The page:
You took part in the board’s audit during the investigation of Chung Yoo-ra’s illicit admission. You also emailed students to leave the Main Hall during the protest last year. Despite all this, can you still say you are fit to be president? 

A. I’ve taught at Ewha for nearly 20 years and taken on diverse roles for the school, which I don’t know how to prove to you at this moment under limited time. 

6. Choi Won-ja 

How would you approach the falling image of Ewha by outsiders? 

A. I don’t want to play number games with the Ministry o f Education, but I would send the admissions office and promotion team to these academies to appeal to young students on the necessity of a women’s university, and of the advantages of entering Ewha. 

Why do you wish to publish student experiences of the 2016 protests? 

A. I came up with this plan during a conversation with a student. Just as Annals of Joseon Dynasty convey great historical significance, I wanted to honor the significance of student action by recording it. If the plan proceeds, it will be after sufficient discussion with students. 

One news article states that you said Chung Yoo-ra’s illicit admission wasn’t corrupt. Why do you believe so? 

A. I believe that the incident did not derive from organized structural corruption, but rather an extremely partial individuals’ wrongdoing, which should never be repeated. 

7. Kim Eun-mee 

Of Kim Hwal-ran, the first president of Ewha, the school has ignored student criticism of her proJapanese acts. Outsiders use her statue on campus to shame Ewha as a pro-Japanese school. How will you approach this problem?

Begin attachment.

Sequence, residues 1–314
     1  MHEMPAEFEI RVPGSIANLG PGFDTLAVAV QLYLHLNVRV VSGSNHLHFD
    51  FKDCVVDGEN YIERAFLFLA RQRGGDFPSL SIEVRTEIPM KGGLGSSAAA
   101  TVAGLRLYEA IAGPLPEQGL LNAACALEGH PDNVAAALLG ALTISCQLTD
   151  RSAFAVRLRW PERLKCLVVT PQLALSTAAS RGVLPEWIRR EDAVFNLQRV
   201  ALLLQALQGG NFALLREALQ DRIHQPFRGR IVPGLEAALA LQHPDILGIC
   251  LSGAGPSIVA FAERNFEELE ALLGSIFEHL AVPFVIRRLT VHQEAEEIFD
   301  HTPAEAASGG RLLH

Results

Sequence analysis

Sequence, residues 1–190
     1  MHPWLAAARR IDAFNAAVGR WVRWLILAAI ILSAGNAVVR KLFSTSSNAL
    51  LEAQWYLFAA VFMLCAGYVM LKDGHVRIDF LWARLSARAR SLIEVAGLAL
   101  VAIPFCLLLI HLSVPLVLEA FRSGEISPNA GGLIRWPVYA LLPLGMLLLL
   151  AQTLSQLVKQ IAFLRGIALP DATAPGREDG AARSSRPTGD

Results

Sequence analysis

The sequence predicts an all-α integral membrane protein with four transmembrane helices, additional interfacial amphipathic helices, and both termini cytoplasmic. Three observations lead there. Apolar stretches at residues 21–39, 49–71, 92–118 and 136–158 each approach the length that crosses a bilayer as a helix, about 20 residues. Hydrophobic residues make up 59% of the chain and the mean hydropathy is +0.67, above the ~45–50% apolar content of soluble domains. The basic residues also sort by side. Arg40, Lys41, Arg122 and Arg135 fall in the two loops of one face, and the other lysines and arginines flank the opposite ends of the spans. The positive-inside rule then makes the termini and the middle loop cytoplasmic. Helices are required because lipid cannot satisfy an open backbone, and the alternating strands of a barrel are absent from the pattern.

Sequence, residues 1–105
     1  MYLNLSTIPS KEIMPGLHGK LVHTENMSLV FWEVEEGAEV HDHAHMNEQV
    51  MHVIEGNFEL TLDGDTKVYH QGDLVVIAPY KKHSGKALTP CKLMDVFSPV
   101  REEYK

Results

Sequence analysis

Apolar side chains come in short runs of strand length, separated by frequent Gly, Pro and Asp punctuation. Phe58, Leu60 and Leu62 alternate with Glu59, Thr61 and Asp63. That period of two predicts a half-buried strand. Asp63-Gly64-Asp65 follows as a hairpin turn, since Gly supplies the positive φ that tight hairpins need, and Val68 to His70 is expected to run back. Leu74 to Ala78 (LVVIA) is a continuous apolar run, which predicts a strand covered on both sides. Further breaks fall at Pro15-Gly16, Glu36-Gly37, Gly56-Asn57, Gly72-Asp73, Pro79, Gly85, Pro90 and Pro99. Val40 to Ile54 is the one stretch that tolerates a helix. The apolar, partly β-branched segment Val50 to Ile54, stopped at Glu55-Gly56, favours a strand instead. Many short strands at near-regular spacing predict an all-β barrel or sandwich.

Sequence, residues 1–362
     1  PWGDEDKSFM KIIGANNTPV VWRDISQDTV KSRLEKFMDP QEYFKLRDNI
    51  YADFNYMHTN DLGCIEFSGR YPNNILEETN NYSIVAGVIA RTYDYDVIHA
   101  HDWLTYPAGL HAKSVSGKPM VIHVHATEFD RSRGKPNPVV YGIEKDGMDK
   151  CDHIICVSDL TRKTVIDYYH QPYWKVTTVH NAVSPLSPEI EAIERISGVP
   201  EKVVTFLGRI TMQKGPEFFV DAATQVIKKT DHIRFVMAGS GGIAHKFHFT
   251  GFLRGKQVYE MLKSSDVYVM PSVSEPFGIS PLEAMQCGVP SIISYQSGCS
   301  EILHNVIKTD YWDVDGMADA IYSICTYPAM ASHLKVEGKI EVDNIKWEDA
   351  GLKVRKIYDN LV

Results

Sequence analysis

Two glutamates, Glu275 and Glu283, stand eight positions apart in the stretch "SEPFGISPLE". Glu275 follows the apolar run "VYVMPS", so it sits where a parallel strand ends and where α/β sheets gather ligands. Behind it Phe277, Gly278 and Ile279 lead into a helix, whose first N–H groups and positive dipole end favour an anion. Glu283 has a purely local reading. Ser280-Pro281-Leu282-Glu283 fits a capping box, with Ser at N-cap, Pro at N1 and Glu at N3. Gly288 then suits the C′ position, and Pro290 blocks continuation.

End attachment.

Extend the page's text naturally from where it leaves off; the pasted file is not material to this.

A. The matter is complicated as Kim Hwal-ran is remembered for both her contributions and errors. 

Some claim that the admission standard of Ewha is falling. Ewha is constantly undervalued due to it being a women’s school. How will you resolve this? 

A . I would emphasize the advantages of a women’s university and challenge this university evaluation that has been created for high school graduates and applicants. I would benchmark Ewha’s 131-year dedication to women’s education, despite Korea’s 116th place global ranking of the gender gap. 

How will you support students preparing for CPA and state exams? 

A. I understand the lack of aid for these students and would work on providing free Internet lectures to lift some of their financial burden.

8. Lee Hyang-sook 

Many unnecessary changes were made in department names. There have been cases where applicants confused Mechanical and Biomedical Engineering as a Natural Science major. What is your stance on this issue? 

A. Making new majors was necessary for us to qualify for financial government support via PRIME projects. Concerning the name of colleges, there should be some consideration. 

What is your specific plan to expand scholarships? 

A. The main cause for lack of scholarship lies in securing financial profits in the school. I would solve this by vitalizing social programs in the school, research institutes, language center, and more. 

Candidate 4 Kim Gyeung-min, and 5 Kim Sung-jin did not recieve any questions in the open debate for students on May 12.


Editor’s note: The article above was independently translated and edited by Ewha Voice. The questions and answers published have been abbreviated to fit our limited pages. For the full discussion, visit the official presidential election website at (http://my.ewha.ac.kr/election16/).